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a time when other ladies would have been
cosily wrapped in white-frilled dressing
gowns and lying on bedroom sofas.

Percy noticed nothing. When, a fortnight
after that new life had come among them,
Annie appeared at the dinner-table just the
same as everonly paler and more languid,
but infinitely lovelierhis sole remark was
shaking hands with her and kissing her
forehead " It scarcely seems a fortnight,
Annie, since you were here: but my mother
says it is so." Yet his manner had an
indescribable shade of softness quite unusual to
him; and Annie forgave the coldness of his
spoken welcome.

But Percy was not soft either in speech or
in manner; and, after to-day, he gradually
relapsed into his old silence and indifference.
Annie re-assumed her household duties; and,
in another week all things were exactly the
same as before. The old nurse even leaving,
called away earlier than was expected, owing
to an error in dates elsewhere. And then
Annie had her treasure in her sole charge,
with no one to whom she could trust him
with confidence; therefore, without assistance
or relief. She had no nursemaid, and her
two servants were not clever about babies.
She was surprised to find how that one little
creature absorbed her time, and how scant
was the leisure left for the busy house duties
she had undertaken before his birth! Yet the
inexorable law had to be fulfilled, however
unable she was to fulfil it.

When those terrible house-books had been
put back into her hands again, and the mean
sum once more doled out, she had received
a strict injunction to be doubly careful now
with this heavy expense before her, and to
remember that she saved for her child while
she saved for her husband. This completed
the circle of Annie's obligations. Passionate
love was now added to her former principle
of steady duty, and she had not a wish to
evade the observance of her task.

Still, she could not spare so much time as
formerly, and she was not yet strong enough
for active household work. The
consequence was that week by week she fell
gradually behind, until she was in debt
several pounds; all to be saved out of an
allowance that did not compass the inevitable
expenses! It was hopeless to think of it.
What could she do? If she curtailed her
husband of any of his special comforts, she
feared he would say that she no longer
regarded him, and thought only of her baby.
Besides, ought she to fail in making her duty
to her husband the first thing in her life?
Exacting Mrs. Clarke it was impossible to
cut down. By virtue of that fallacythe
privilege of old ageshe must be pampered,
and petted, and preserved, whoever failed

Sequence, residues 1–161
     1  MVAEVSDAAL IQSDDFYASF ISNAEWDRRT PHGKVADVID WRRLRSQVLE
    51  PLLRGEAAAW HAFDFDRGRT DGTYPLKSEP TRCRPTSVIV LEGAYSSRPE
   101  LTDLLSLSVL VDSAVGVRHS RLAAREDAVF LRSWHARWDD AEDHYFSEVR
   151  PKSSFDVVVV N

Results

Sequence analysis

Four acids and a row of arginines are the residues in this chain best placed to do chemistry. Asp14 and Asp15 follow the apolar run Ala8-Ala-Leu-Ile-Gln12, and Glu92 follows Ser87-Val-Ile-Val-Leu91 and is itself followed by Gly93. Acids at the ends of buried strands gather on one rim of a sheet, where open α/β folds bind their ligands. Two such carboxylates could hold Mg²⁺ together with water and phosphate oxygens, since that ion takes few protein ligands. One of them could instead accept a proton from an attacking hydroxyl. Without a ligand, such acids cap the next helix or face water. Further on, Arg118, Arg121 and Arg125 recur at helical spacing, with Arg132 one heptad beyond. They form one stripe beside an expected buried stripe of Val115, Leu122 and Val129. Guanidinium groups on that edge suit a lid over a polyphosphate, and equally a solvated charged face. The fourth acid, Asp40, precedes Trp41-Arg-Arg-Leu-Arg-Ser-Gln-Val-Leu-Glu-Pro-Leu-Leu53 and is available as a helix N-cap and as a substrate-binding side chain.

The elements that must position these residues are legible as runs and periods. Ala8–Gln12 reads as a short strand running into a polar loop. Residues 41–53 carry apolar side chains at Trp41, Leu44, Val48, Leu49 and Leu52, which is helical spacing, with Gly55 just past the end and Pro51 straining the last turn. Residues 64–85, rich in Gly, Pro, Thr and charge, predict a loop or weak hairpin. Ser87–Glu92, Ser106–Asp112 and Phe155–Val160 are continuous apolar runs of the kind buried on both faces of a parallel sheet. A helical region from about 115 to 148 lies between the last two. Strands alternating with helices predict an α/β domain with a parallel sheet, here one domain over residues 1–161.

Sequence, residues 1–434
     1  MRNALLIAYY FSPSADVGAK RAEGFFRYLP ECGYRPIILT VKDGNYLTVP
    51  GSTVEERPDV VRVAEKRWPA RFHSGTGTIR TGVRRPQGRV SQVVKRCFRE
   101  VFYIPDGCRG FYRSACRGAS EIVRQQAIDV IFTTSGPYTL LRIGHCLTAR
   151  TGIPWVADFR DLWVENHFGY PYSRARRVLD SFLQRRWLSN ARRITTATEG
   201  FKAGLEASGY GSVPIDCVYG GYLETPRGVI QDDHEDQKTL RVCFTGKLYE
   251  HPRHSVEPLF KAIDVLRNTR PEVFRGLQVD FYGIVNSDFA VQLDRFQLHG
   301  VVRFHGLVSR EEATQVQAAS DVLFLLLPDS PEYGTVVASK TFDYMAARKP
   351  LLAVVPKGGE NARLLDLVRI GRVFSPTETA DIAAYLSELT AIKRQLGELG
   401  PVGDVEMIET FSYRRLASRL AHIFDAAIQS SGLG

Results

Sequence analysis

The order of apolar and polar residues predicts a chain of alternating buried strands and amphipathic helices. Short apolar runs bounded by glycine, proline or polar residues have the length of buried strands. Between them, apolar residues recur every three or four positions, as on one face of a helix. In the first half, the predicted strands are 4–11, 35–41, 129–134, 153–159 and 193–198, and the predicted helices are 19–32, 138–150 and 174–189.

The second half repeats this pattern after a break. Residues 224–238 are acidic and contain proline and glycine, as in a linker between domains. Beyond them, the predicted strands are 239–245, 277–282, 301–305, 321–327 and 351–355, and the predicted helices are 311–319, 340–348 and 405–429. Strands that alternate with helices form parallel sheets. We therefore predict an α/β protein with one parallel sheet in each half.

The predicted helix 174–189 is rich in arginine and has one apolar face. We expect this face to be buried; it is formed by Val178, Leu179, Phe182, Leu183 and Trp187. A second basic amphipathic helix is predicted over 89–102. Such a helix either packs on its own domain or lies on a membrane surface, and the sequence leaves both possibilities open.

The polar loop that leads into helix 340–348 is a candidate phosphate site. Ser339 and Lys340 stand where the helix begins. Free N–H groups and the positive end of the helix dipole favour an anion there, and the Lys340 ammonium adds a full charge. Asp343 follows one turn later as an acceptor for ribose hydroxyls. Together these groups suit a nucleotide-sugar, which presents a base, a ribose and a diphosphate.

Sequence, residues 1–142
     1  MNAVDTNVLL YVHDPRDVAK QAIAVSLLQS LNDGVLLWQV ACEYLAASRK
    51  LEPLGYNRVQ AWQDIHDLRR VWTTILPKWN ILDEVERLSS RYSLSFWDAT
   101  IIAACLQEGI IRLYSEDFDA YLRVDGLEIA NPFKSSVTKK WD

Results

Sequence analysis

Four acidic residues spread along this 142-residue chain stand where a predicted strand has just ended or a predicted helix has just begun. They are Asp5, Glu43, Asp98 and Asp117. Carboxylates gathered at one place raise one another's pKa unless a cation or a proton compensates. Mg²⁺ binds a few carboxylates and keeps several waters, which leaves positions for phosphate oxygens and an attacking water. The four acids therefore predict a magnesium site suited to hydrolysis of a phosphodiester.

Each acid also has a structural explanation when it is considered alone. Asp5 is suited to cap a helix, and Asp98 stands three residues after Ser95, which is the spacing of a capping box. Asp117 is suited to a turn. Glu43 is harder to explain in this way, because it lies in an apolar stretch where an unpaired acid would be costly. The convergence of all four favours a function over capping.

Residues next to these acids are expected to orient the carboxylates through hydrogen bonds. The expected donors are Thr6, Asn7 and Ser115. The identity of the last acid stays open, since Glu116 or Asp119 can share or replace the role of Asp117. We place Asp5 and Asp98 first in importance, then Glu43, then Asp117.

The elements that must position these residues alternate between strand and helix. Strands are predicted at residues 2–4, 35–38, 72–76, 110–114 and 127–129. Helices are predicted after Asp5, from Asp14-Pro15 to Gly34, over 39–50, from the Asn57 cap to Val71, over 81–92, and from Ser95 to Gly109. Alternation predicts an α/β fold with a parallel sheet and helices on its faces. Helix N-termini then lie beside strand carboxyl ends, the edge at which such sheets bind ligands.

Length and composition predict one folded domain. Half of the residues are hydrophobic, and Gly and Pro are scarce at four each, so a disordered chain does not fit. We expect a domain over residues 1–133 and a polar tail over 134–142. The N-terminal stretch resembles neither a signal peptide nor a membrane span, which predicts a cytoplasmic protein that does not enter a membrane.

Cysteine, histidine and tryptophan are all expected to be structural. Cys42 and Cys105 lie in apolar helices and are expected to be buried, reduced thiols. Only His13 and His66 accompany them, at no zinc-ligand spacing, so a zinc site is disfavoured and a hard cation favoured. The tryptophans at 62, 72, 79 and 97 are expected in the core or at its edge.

or wanted, and a worn-out useless life be
nursed up to croon away a few idle years by
the chimney corner, though the young and
the needed should perish in its stead. Mrs.
Clarke was impossible. What could she
give up further in herself? She had not, as
it was, one of the ordinary physical helps to
a young mother, and, if she reduced her
regimen to within straiter limits than at
present, she must be content with plain
bread and water. What should she do?
While in her own room, kneeling by her
baby's pretty little cot, and longing for him
to awake, she suddenly remembered that she
had a handsome old-fashioned pearl necklace,
of her dear mother's. She never wore
it; it was of no use to her. She would sell
it; and thus be saved from further anxiety
and unhappiness. It might be a pain;
but it was only a pain of sentiment at the
worst; while, to vex her husband, and
perhaps lose his confidence, would be a crime.
That very day she paid up all her back
bills, and started fair again, with a balance
in hand.

But this must not happen again. She
must work, as she did before; for she was
strong now, and must bear her part with
the rest. And she did work as before,
improvising all sorts of portable cradles for her
darling, so that he should be watched over the
while she was busy, as zealously as if she had
nothing else to do than care for him and
guard him. She worked till her limbs
ached, and her head was dull, and her
heart depressed. She worked till she was
faint and giddy, and overwrought. But
no one saw it. She looked always neat and
glossy for dinner; and Percy did not
scrutinise her narrowly enough to see how pale
she was; nor how thin; nor how her lips
quivered when she spoke, and her eyebrows
lifted themselves up, as if to lift a heavy
weight from her eyes. He saw her just as
she used to be, with her placid smile, and
her low, sweet voice; with her dainty costume,
always marvellously clean and choice, though
simple. He saw nothing beyond all this;
and, as the house went on exactly as it did
before, he was never weary of congratulating
himself in secret that he had taken his
mother's advice, and had put Annie on her
mettle, to rightly understand and practise
economical housekeeping.

Mrs. Clarke had a slight attack of indigestion :
and what a miserable house that slight
attack created! Percy was impatient and
fault-finding; the old lady capricious, and
dissatisfied; and poor Annie's powers were
taxed till she was often faint and weeping
from weariness and fatigue. But she had
her old immunity from observation; though
now and then the servant would steal up
with tea or coffee, or sometimes with a cup
of arrowroot, saved from the old lady's
surplus, as more needful to Mrs. Clarke the
younger and weaker. The neck of Mrs.
Clarke's illness from overfeeding was broken
in a fortnight, though things had not
quite come back to their old groove even